Pear Fruit Trees: When are Pears in Season?

Pear Fruit Trees: When are Pears in Season?

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Juicy and succulently sweet Pears are a summer and autumn treat! The mellow sweetness and creamy textures are something we all look forward to each year! It’s easy as pie to grow your own Pear tree! 

Wild Pear trees (Pyrus) were originally grown and bred in both Europe and Asia. Ancient farmers looked for specimens that had larger, sweeter fruit and bred these parent plants over time. Romans were likely working with about 50 Pear species of improved Pears. In 1860, American author T.W. Fields noted there were about 850 known Pears!

Modern Pear trees are hardy, disease-resistant and produce mouth-watering fruit. Some tolerating cold climates down to USDA zone 4 all the way up to sweltering hardiness zone 11! They bloom in a flourish of fragrant white blossoms and fill Four Hanging Pears out in dark green glossy leaves.

From the tiny Chojuro Pear to the massive 40 foot tall Oriental Asian Pear, here are some pointers and information to get you started harvesting your very own homegrown goodness regardless of how much space you can spare!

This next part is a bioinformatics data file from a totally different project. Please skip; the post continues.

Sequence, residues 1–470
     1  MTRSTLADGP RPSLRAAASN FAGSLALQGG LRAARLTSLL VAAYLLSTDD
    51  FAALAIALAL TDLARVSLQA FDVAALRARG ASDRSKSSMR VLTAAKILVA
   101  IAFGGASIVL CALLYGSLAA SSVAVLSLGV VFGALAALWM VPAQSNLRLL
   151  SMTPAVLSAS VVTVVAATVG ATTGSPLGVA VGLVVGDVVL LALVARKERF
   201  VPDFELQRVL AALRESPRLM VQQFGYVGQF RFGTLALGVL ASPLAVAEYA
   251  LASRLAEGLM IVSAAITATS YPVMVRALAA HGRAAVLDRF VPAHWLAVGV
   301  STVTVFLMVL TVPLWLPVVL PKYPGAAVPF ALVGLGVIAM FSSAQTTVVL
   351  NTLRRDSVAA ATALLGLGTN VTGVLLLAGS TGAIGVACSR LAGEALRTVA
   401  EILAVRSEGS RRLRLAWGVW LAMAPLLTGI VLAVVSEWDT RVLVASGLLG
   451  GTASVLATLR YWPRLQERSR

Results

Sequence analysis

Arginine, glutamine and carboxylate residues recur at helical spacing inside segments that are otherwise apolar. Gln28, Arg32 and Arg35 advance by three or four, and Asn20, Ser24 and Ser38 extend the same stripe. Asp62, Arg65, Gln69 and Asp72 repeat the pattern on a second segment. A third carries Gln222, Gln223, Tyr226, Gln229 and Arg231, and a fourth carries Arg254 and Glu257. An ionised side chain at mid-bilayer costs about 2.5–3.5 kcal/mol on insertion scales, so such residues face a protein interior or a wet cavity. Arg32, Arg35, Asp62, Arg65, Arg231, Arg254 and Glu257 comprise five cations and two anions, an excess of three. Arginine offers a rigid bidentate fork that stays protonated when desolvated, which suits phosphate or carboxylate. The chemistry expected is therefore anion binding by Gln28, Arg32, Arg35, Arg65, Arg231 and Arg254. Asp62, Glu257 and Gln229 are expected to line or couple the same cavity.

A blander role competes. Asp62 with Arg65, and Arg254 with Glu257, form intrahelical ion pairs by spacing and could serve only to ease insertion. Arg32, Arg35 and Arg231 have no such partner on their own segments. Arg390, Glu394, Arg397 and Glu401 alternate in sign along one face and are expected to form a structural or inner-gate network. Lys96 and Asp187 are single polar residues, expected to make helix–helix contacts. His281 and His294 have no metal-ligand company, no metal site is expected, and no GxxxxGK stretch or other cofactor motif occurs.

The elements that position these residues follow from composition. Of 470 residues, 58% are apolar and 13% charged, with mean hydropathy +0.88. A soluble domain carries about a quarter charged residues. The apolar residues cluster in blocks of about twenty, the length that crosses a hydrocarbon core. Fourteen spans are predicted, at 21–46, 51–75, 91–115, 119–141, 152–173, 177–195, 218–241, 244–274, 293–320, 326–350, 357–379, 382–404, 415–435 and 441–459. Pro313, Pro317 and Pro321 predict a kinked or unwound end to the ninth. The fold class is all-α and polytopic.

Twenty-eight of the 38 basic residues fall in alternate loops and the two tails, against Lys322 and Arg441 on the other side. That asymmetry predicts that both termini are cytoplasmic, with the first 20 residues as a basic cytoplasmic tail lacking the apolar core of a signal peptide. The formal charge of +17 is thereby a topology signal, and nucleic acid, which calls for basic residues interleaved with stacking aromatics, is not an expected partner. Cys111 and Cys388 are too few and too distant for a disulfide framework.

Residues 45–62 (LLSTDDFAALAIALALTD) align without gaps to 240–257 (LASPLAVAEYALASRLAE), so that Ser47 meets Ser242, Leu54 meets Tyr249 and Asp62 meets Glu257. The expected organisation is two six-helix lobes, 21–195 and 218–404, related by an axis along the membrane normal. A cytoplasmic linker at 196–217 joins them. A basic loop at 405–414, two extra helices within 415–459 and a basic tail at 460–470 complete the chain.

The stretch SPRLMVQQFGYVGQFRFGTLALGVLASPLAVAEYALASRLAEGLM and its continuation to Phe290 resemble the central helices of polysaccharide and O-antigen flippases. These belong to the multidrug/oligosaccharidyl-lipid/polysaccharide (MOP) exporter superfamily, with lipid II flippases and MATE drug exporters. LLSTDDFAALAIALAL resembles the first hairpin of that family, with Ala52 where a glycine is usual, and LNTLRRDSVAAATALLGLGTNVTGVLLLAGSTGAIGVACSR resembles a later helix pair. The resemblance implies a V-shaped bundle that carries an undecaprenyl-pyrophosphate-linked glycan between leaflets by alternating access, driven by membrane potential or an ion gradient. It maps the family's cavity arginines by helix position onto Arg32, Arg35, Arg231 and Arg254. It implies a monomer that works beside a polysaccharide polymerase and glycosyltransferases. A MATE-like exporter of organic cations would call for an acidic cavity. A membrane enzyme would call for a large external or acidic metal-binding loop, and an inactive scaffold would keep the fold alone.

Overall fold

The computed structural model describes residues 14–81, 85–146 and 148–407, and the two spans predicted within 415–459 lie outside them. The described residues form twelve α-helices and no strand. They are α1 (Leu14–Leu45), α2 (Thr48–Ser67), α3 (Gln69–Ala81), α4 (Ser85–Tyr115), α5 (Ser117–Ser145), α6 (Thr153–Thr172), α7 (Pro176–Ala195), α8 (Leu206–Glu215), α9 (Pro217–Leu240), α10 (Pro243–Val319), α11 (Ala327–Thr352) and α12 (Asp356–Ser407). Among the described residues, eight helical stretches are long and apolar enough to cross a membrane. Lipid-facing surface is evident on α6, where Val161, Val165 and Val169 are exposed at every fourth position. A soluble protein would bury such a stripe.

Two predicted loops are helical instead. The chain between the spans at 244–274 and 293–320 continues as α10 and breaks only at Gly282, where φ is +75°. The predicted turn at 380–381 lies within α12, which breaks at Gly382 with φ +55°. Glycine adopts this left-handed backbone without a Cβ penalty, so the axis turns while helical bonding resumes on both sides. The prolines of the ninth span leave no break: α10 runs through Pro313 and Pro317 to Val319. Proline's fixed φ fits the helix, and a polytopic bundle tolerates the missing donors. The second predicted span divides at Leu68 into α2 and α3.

Two Types of Pear Trees

Pears are some of the easiest fruit trees to grow and there are two main varieties, namely the European and the Asian. Both types require a different harvesting technique, there are also differences in storage, cooking and usage.

Asian Pears  Asian Pears

Asian Pears are round like Apples and are large, crisp, crunchy and loaded with juice. The Asian Pear is also known as the Apple Pear because of the firm crisp fruit. Shaped and sized a bit more like an apple, an Asian Pear snaps and crunches when you bite into it. 

European Pears  Europeans Pears

European Pears have that characteristic narrow neck. European Pears are softer fruit with a nuanced flavor. Epicurean European Pears offers delectable taste experiences, too. Seckel Pear produces very sweet, small Pears that are used in canning. Comice and D’Anjou Pears are both a staple in high-end food gift packages. They all offer a desirable flavor for fresh eating, baking, canning and preserving.

Pear Tree Pollination and Care

A happy Pear tree can live up to 100 years. They just need a location in full sun, in well-drained soil and provide them with moderate, consistent moisture. 

Pear trees are fast-growing and usually begin to bear fruit within three to five years after planting. Choose the largest container size we have in stock; these are older trees and give you a jump start on the harvest. Like Apples, Pears are usually sold as grafted trees and require similar pruning and training. 

While you’ll find a variety of self-pollinating Pear trees, a pollination partner that blooms at the same time gives you the largest harvests. Choose two European Pears or two Asian Pears. Asian Pears bloom earlier in spring than European.

All Asian Pear cultivars should be considered self-incompatible, which means you need to plant another Asian Pear cultivar as a companion for pollination purposes to produce more fruit.